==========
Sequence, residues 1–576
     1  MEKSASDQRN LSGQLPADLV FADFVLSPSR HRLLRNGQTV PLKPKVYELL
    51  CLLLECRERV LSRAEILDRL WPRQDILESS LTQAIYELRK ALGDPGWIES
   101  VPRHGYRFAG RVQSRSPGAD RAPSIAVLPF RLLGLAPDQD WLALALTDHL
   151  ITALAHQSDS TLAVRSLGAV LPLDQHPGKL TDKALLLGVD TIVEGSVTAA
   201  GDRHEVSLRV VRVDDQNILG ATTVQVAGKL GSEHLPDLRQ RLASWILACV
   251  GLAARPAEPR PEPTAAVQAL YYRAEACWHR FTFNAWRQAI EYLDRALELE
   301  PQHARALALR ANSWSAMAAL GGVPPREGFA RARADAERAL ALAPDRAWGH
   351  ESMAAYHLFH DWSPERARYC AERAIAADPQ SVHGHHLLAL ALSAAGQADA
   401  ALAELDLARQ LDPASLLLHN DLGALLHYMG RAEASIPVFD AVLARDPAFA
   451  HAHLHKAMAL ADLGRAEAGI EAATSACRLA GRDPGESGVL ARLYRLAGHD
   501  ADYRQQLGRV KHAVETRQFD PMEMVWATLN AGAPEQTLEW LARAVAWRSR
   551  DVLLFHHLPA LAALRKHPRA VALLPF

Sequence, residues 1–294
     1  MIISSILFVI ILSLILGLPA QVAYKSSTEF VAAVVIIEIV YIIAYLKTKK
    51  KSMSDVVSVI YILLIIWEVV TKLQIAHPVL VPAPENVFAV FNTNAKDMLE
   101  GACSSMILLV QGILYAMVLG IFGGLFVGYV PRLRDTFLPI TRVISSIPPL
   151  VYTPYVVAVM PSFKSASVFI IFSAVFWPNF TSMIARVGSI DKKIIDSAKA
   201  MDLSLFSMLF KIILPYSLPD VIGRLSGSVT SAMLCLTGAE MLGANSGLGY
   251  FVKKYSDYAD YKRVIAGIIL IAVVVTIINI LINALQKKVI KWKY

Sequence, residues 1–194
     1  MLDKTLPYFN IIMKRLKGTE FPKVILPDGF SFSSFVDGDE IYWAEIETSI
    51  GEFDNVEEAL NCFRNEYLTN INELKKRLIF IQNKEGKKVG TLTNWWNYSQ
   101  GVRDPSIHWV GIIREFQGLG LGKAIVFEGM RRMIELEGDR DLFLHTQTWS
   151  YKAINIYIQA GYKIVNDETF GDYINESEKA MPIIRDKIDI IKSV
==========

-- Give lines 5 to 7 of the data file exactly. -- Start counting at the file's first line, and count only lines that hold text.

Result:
   151  ITALAHQSDS TLAVRSLGAV LPLDQHPGKL TDKALLLGVD TIVEGSVTAA
   201  GDRHEVSLRV VRVDDQNILG ATTVQVAGKL GSEHLPDLRQ RLASWILACV
   251  GLAARPAEPR PEPTAAVQAL YYRAEACWHR FTFNAWRQAI EYLDRALELE